General Assembly dodges latest attempts at redistricting reform

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Print this page by Bernie Niemeier

After years of significant pressure on the governor’s office and the legislature to adopt a nonpolitical process, 2011 showed a promising start for redistricting. Gov. Bob McDonnell formed an independent, bipartisan advisory commission and a competition had college students drawing their own maps — without regard to incumbent status or political sway.

So, how did Virginia’s voters fare in this once-in-a-decade game of legislative redistricting?  According to a little-reported study released in April by the Wason Center for Public Policy at Christopher Newport University, they may be worse off than before.  Among the report’s conclusions, “The maps presented to the Governor by the General Assembly would make a bad situation worse for the coming decade.”

Based on the results thus far, as the legislature meets to draw Virginia’s 11 U.S. congressional districts, voters will likely see more of the same.

Critics warn that gerrymandered districts, which, in essence, allow elected officials to choose their voters, ultimately lead to political polarization. “Safe” seats favoring one party or another not only discourage challengers in general elections, but also force incumbents to hew to party orthodoxy to win primaries, thus increasing partisan gridlock and diminishing the art of compromise so necessary to effective statesmanship.
The Wason Center, directed by Quentin Kidd, was one of two sponsors of the Virginia Redistricting Competition.  The other sponsor was the Public Mapping Project, led by Michael McDonald of George Mason University and Micah Altman of Harvard University. Participating in the competition were 16 teams from 13 colleges and universities across Virginia. 

The results of the collegiate competition were presented at public hearings and used by McDonnell’s commission to help formulate their final recommendations. 

Four criteria were used to compare the winning maps from the collegiate competition with those recommended by the governor’s advisory commission and maps from the General Assembly.  They were equal population, voting rights considerations, maintenance of county and city boundaries and compactness.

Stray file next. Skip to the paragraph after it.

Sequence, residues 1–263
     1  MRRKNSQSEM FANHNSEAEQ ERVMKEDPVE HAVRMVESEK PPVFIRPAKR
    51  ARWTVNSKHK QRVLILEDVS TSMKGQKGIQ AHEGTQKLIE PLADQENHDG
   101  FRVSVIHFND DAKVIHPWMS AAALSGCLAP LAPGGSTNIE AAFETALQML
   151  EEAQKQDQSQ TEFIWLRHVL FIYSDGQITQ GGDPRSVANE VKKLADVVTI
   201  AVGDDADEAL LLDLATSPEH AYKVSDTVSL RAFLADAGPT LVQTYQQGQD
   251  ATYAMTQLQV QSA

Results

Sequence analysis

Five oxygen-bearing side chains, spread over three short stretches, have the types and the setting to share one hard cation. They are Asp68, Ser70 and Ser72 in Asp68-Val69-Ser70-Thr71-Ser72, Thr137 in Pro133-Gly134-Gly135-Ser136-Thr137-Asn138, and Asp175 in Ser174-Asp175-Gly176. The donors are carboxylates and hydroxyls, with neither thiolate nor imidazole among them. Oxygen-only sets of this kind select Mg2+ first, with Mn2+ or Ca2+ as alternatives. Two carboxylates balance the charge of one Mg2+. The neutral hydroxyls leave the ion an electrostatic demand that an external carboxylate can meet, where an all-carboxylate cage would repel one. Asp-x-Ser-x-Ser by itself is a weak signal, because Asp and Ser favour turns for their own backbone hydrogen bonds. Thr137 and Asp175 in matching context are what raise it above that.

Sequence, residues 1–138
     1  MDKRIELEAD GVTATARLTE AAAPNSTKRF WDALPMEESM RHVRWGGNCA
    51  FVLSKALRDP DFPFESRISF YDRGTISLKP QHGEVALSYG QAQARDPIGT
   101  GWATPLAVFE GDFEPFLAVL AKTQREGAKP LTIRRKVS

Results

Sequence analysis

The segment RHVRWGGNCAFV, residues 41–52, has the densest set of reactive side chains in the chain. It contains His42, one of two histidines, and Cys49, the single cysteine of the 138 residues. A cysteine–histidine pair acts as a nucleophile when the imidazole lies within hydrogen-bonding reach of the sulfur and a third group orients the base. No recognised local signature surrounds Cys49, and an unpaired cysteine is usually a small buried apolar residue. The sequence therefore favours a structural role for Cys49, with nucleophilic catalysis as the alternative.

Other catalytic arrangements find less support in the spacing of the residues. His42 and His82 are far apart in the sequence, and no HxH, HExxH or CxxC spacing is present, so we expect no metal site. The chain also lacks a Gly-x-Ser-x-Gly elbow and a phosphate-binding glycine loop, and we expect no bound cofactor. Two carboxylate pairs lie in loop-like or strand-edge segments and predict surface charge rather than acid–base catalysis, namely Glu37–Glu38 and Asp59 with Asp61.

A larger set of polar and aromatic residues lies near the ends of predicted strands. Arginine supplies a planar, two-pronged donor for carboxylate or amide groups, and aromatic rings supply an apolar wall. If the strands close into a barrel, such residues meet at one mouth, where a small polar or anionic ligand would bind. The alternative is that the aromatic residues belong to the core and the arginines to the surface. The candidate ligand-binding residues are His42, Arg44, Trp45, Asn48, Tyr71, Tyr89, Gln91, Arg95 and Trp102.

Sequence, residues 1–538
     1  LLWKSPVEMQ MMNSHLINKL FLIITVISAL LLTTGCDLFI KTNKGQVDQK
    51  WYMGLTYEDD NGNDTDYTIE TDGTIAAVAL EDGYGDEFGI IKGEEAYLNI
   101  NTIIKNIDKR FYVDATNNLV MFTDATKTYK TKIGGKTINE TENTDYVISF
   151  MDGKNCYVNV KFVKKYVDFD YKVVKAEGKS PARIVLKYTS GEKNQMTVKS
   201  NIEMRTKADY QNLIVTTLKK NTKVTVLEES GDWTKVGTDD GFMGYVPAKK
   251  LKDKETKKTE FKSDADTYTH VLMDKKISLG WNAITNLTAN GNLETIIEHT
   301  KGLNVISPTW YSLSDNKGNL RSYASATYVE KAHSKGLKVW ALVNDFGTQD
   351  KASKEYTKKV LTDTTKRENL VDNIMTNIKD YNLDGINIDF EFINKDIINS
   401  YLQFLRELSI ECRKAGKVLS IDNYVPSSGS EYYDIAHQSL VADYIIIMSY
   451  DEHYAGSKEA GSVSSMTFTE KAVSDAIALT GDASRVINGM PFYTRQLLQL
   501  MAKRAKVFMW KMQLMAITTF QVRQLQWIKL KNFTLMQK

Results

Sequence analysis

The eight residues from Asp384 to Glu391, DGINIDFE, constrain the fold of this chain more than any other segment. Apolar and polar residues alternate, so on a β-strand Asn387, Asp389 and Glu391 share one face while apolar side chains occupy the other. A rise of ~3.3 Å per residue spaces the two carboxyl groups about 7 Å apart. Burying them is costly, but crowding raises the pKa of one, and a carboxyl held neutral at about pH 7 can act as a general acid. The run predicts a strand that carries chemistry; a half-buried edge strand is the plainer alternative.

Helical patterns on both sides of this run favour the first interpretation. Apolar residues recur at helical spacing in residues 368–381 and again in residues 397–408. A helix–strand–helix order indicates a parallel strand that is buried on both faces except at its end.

The equal population benchmark refers to a goal of having an equal number of people in each legislative district, preserving the principle of “one person, one vote.”  Federal law gives states broad latitude in redistricting, allowing population deviations of as much as 10 percent when necessary to meet other requirements.

Voting rights considerations refer to the U.S. Voting Rights Act of 1965.  This benchmark is used to ensure that redistricting does not dilute the ability of minority groups to elect a candidate of their choice.
Maintaining county and city boundaries helps districts to conform to established communities of common interest, reduces voter confusion and saves localities from the expense of redrawing voting precincts.
Compactness helps to avoid districts that connect communities of differing interests.  Compactness is measured by how much of the area in a perfect circle drawn around the district is accounted for by the district itself.

The Wason Center report compared the maps produced by winners of the collegiate competition with those recommended by the advisory commission and the maps initially approved by the General Assembly.
The legislators did a good job of adhering to the equal population requirement, with an average population deviation of less than 2 percent for the Senate map and less than 1 percent for the House of Delegates map.
But the General Assembly had less regard for all other criteria. The maps produced by the collegiate competition and the advisory commission all had significantly better scores.

These alternative proposals achieved their results while meeting the equal population objective. Population variances were still less than 2 percent for both the Senate and House maps.

It’s no surprise that the nonpartisan advisory commission and collegiate maps look much different than the legislature’s final result. (The center concluded that the changes that ultimately received approval after an initial veto from Gov. Bob McDonnell weren’t significant enough to warrant further study.)

The Wason Center study shows the redistricting process can be successfully handled by someone other the legislature.  It’s a lesson that should have been learned before producing another poorly drawn set of districts that will affect elections for the next 10 years.

A potential change to this outcome would be if the U.S. Justice Department challenges the still-to-be-approved congressional maps.  This is only likely if the congressional maps turn out to be regressive with respect to minority voter rights.  Otherwise, it looks like Virginia is faced with 10 years of more partisanship and less statesmanship. 

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